I just visited ESL Kids Stuff and thought I would give them a shout out!
They have a wide variety of lesson plans, worksheets, flashcards, songs and classroom readers. The lesson plans I have looked at were good. Although, you have to buy a membership ($29.00 per year) to access the products they offer, I did find this product for free
Here is what ESL Kids Stuff says about themselves:
We are 13 years old! ESL KidStuff 2002 - 2015
We are a group of English teachers who, like you, teach kids.
We know teaching little ones up to teens is not an easy task, and just
as difficult is getting good, quality materials to use in your lessons
... and finding them quickly! Our aim, therefore, is to provide great ESL materials,
specially made for teaching English to kids, which are quick and easy to
find and print.
ESL KidStuff has a huge library of lesson plans, flashcards,
worksheets, craft sheets, songs, and classroom readers. We will keep
adding to this range as well as offering different materials.
We’d also like to help out in other areas, too - sharing
teaching tips, hints and advice and making this site a useful place for
you to visit time and time again. We already have quite a lot of these
sections at ESL KidStuff - games, holidays activities, teaching tips,
etc., and we are working on adding more!
Grab a cup of tea and take a look at ESL Kids Stuff. I would love to here what you think!
I wanted to share this great poster with you all. Drawing conclusions and making inferences are essential skills for students to develop. Each of these skills require students to fill in the blanks left by an author.
Students must learn to put the pieces together to understand the whole message or story the author is trying to convey.
Essential pieces to putting the puzzle together include:
Thinking about personal experiences
Using clues from the text
Thinking about what is known about the character
using clues from illustrations.
This chart helps students visually with each piece of the puzzle! Let us know what your favorite ways of teaching students how to draw conclusions and make inferences.
Click here if you would like to check out this graphic organizer. It is a great help to students when they need to extra support in writing!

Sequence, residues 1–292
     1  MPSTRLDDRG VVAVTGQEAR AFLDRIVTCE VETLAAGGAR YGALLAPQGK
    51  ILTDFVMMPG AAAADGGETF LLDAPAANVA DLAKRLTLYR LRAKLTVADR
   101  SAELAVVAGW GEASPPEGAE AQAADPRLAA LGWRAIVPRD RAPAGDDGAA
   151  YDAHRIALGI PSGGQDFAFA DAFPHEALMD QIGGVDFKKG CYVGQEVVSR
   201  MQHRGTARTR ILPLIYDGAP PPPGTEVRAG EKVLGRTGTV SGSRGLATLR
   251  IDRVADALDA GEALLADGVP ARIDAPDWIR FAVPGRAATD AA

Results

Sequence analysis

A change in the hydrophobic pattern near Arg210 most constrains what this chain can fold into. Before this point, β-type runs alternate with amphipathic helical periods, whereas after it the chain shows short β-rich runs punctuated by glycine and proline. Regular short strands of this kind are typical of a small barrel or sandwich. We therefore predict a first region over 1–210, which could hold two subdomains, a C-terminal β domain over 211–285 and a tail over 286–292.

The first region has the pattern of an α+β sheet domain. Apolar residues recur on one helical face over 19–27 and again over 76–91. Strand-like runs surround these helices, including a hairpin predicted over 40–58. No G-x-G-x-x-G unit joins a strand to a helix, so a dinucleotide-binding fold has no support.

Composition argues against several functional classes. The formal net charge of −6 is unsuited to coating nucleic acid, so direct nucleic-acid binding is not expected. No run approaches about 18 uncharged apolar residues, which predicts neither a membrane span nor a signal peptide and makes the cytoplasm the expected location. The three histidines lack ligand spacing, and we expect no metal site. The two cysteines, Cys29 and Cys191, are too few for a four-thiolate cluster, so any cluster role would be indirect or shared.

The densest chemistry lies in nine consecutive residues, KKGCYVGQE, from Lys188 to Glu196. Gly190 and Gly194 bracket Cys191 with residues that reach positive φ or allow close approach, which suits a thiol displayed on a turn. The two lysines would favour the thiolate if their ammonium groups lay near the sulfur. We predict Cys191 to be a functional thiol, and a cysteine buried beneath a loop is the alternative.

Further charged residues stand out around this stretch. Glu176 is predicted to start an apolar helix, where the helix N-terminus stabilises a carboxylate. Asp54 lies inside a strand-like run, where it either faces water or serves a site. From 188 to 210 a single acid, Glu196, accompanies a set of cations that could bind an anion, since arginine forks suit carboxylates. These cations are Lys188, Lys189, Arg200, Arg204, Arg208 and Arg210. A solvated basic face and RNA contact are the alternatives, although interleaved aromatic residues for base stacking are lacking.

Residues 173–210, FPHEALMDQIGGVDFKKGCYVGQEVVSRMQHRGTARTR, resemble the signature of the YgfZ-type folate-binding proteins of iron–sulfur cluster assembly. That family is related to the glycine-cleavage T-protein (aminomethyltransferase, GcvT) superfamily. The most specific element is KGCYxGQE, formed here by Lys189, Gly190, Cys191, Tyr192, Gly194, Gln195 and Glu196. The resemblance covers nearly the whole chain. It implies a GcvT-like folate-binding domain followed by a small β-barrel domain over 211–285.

Hello everyone, Semantic gradients are super cool and if you haven't tried them yet read on...the following is an article I wrote for REALLY GOOD STUFF BLOG!
Happy Teaching! Lori
As elementary teachers we are always looking for and finding
strategies to use with our students that broaden and deepen their understanding
when reading.We know that when students,
especially second language learners, can distinguish between the shades of
meanings of related words, then they can be more precise and imaginative in
their writing. Shades of meaning are the small differences among words that are
related to a specific topic or idea.The
Common Core Language Standard L.5 requires students to distinguish shades of
meaning among words beginning in Kindergarten and continuing through elementary
If you don’t know about semantic gradients, let me introduce
you!Semantic gradients are powerful
tools to teach elementary students the differences between related words and
increase their vocabulary.This method of improving
reading comprehension works with both English Language Learners and native English speakers
and offers classroom teachers a vehicle to reach the needs of all of students. This
type of gradient helps students distinguish between the subtle nuances of meaning
of related words and broadens their understanding of connected words. Furthermore, gradients show all students how
to use vocabulary precisely when expressing themselves in speaking and writing.
What is a Semantic Gradient?
you would like a free copy of the black line of the gradient I use in my
classroom, click here!
Semantic gradients are lists of related words that have
similar meanings placed on a continuum moving from one word to its
opposite.It is a continuum that order related
words by degree.
These gradients use anchor words (words and their opposites)
at each end of the gradient.The words
used in between gradually shift in meaning.
example, freezing and sweltering would be the anchor words for a semantic
gradient of temperature words that included the following:freezing, cold, cool, warm, hot, roasting, and
How do you use a Semantic Gradient?
·Identify your 2 anchor words by choosing a word
and finding its opposite.
·Find synonyms for each of those words and order
them to create your word list.
·Students then order the words to create a
gradient or continuum.